Here are a couple of samples:
Character development- From a reader’s perspective, there seems to be a good starting place for your character development. I don’t think there is a real need to “See” your brother, in terms of the physical, more than you already did. Also, I like how we get bits of personality and character quirks in the both of you through out the piece. I would suggest adding some more details about your sister-in-law. We hear about you and your brother when y’all get mad (2) and a few other moments, but all the reader hears about your sister in law is “knew there was pain lurking behind her eyes” (4). I realize the piece is focusing on your sibling relationship but I think some details about Sarah could help.
Scene – I thought you did a fantastic job using the engaged I! I would have, however, loved to see some scene. We get a lot of amazing things, particularly your thoughts on the page, but we get no description on the page or characters. Recall, that if you want to draw attention, make a scene! What about this do you want to draw attention to? You might consider adding scenes from more recent times. Do you do any activism? I know this is a really specific example but I want to give you something to go on. You might also consider adding a scene of you sitting through those 4 one-hour-long readings. Were you sitting on your hands because you ached to do something different even if it was just picking at the carpet? Was your mind fully there in those sessions or were you off in some distant land?
Structure: Specifically, beginnings. Your final paragraph sparkles on the page. What would it look like to begin the piece with this paragraph? Or, since you already use white space, it could begin a section? That paragraph does such a good job communicating your theme that I wanted more when I read it. Also, you mention two key themes in that final paragraph: seeing ourselves in objects and seeing other people in objects. You explore both throughout the piece, and is there a way to make them more distinct? I think you can easily incorporate both themes, but they seem a little blurred, as if you go back and forth between them. Maybe you could dedicate specific sections to each one, then unify them at the end, if that resonates with you.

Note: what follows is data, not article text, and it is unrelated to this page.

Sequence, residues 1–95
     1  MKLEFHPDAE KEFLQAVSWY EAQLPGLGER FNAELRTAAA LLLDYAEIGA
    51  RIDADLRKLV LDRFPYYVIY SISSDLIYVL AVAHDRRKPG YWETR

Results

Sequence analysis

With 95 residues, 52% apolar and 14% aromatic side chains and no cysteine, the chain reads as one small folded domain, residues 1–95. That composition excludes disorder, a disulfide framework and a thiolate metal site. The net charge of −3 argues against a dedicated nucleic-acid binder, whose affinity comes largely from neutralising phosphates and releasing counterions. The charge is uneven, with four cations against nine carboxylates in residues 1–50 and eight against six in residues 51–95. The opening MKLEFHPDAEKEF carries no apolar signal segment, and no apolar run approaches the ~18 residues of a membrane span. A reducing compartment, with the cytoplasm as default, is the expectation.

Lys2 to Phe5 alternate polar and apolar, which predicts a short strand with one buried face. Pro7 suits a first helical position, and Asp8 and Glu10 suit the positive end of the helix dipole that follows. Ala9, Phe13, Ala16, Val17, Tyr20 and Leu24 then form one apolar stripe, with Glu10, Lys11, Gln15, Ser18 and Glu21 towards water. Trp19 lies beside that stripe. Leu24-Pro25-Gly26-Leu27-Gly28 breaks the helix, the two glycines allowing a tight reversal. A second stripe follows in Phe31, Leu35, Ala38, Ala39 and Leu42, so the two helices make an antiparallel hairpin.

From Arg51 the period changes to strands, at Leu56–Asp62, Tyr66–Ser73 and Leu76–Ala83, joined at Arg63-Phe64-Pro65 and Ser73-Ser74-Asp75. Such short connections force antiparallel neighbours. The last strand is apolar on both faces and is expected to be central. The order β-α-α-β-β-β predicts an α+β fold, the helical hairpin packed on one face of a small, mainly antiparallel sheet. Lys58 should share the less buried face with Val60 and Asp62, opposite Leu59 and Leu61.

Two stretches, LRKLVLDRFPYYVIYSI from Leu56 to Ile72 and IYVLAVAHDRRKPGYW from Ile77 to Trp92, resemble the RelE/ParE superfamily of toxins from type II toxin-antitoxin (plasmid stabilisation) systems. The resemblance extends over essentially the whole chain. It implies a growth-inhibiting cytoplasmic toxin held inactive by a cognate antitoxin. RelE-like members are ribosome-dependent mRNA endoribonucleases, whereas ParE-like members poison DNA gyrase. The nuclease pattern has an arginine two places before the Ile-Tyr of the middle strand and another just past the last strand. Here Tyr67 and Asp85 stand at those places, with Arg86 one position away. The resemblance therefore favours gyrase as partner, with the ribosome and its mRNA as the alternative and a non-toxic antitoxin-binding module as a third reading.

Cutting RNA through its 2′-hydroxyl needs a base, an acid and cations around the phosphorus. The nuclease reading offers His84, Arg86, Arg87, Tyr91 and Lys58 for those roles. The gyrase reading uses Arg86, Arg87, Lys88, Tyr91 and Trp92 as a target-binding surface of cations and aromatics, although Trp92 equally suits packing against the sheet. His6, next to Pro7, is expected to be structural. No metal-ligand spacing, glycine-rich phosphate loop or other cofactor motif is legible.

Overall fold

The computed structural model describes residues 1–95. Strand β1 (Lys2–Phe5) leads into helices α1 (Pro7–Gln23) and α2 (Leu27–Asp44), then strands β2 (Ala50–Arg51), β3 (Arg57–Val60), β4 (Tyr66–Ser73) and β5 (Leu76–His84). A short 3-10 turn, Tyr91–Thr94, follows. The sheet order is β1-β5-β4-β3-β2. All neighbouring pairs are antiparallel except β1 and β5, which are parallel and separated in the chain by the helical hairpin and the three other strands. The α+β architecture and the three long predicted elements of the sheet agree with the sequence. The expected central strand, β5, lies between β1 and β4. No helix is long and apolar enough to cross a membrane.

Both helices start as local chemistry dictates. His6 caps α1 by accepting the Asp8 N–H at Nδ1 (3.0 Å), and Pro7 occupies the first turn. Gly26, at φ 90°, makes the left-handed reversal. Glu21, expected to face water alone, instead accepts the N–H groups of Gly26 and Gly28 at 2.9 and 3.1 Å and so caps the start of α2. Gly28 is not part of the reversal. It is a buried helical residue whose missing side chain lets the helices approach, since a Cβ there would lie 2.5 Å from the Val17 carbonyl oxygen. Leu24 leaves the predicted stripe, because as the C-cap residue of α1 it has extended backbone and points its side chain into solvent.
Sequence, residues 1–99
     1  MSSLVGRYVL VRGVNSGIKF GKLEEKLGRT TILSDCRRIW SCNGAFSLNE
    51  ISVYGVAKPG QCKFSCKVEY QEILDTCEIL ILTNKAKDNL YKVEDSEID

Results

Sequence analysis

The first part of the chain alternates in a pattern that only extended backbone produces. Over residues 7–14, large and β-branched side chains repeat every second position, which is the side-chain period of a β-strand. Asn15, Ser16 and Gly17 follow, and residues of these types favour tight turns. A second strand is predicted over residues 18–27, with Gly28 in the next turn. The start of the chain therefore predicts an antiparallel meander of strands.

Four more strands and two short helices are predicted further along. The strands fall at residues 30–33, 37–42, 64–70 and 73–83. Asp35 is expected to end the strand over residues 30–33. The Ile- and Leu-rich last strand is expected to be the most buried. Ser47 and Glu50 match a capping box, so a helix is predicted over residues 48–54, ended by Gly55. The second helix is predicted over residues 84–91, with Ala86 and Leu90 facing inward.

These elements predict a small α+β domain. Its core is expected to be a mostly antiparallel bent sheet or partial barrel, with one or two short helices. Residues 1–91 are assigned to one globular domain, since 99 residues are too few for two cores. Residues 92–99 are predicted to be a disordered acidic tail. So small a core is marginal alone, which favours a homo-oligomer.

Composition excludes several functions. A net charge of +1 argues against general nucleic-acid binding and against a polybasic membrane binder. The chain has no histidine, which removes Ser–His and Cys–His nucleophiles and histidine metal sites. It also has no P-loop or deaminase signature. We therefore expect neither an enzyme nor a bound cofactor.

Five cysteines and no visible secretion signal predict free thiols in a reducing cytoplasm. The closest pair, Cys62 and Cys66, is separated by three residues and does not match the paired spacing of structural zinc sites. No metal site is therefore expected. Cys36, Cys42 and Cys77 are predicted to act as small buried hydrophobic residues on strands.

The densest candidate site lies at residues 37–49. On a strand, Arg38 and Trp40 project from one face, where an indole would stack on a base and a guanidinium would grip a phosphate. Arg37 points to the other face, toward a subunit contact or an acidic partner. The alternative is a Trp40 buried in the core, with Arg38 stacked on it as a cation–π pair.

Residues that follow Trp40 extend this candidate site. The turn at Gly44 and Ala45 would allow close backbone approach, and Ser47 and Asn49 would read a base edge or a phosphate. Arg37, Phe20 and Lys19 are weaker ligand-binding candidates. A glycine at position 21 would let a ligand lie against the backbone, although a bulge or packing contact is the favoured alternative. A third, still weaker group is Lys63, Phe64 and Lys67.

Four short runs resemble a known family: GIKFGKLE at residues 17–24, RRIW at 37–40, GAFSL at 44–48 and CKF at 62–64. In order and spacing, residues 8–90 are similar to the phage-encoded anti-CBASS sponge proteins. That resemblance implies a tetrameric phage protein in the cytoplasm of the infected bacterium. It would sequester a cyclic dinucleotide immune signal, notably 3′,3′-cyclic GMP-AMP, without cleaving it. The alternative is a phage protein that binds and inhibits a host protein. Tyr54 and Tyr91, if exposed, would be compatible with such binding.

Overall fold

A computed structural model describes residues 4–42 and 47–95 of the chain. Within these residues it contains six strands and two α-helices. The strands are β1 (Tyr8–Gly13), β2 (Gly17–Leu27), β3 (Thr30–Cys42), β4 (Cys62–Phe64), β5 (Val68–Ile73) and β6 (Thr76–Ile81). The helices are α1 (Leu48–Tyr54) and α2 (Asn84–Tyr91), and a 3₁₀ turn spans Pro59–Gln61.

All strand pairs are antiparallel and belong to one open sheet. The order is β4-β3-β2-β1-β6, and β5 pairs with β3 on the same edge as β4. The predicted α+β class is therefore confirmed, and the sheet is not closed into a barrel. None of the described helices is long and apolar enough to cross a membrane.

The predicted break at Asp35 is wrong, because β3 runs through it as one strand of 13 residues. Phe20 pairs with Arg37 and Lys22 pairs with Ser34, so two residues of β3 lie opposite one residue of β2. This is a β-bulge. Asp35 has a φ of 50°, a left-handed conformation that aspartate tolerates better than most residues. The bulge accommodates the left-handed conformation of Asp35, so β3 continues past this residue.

This style of workshop response confirms the knowledge of the peers: they do know what they’re talking about and do have the expertise to start a conversation about the craft at work on the page in front of them. On my workshop rubric, the responses are weighted the same as the in-class verbal contributions, so that if they miss one or two, it doesn’t tank their grade.
What’s also beneficial here is that everyone is coming to class with something substantive to contribute: when workshop conversation stalls, I can call on individuals to talk about a priority they have for the author in a way that doesn’t cause stress. Since the class can see all the responses, they know how their feedback is in conversation with others.
By asking students to rethink the focus of the workshop, we are working towards more forward-facing substantive feedback with the vocabulary we’ve been working on all semester. When we remove wrongness from the conversation, when we consider that the purpose of a workshop is not to fix broken work, but to give the author room to consider what might happen in the next draft, then our feedback can also become more productive.
Karen Babine is Assay’s editor. She holds a Ph.D. from the University of Nebraska-Lincoln and an MFA in Creative Writing from Eastern Washington University and is the author of All the Wild Hungers: A Season of Cooking and Cancer (Milkweed Editions, 2019) and Water and What We Know: Following the Roots of a Northern Life (University of Minnesota, 2015), both winners of the Minnesota Book Award for memoir/creative nonfiction. Her third book, Acadie, is forthcoming from Milkweed Editions in 2022. She is an assistant professor of creative writing at the University of Tennessee-Chattanooga. Find her on Twitter and online at www.karenbabine.com.